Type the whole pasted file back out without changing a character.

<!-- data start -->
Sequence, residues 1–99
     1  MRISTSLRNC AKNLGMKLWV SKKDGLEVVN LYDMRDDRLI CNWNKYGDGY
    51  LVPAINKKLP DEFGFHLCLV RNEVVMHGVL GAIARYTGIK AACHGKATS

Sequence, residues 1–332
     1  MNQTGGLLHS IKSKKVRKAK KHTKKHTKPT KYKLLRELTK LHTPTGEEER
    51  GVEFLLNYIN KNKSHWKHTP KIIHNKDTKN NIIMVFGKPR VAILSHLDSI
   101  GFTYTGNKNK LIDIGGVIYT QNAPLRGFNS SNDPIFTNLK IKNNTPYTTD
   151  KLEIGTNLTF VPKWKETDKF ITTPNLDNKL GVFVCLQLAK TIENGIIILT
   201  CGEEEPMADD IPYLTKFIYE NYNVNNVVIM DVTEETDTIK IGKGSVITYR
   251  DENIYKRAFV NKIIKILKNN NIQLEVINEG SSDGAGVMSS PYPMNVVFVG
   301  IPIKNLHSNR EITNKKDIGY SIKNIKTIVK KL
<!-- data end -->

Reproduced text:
Sequence, residues 1–99
     1  MRISTSLRNC AKNLGMKLWV SKKDGLEVVN LYDMRDDRLI CNWNKYGDGY
    51  LVPAINKKLP DEFGFHLCLV RNEVVMHGVL GAIARYTGIK AACHGKATS

Sequence, residues 1–332
     1  MNQTGGLLHS IKSKKVRKAK KHTKKHTKPT KYKLLRELTK LHTPTGEEER
    51  GVEFLLNYIN KNKSHWKHTP KIIHNKDTKN NIIMVFGKPR VAILSHLDSI
   101  GFTYTGNKNK LIDIGGVIYT QNAPLRGFNS SNDPIFTNLK IKNNTPYTTD
   151  KLEIGTNLTF VPKWKETDKF ITTPNLDNKL GVFVCLQLAK TIENGIIILT
   201  CGEEEPMADD IPYLTKFIYE NYNVNNVVIM DVTEETDTIK IGKGSVITYR
   251  DENIYKRAFV NKIIKILKNN NIQLEVINEG SSDGAGVMSS PYPMNVVFVG
   301  IPIKNLHSNR EITNKKDIGY SIKNIKTIVK KL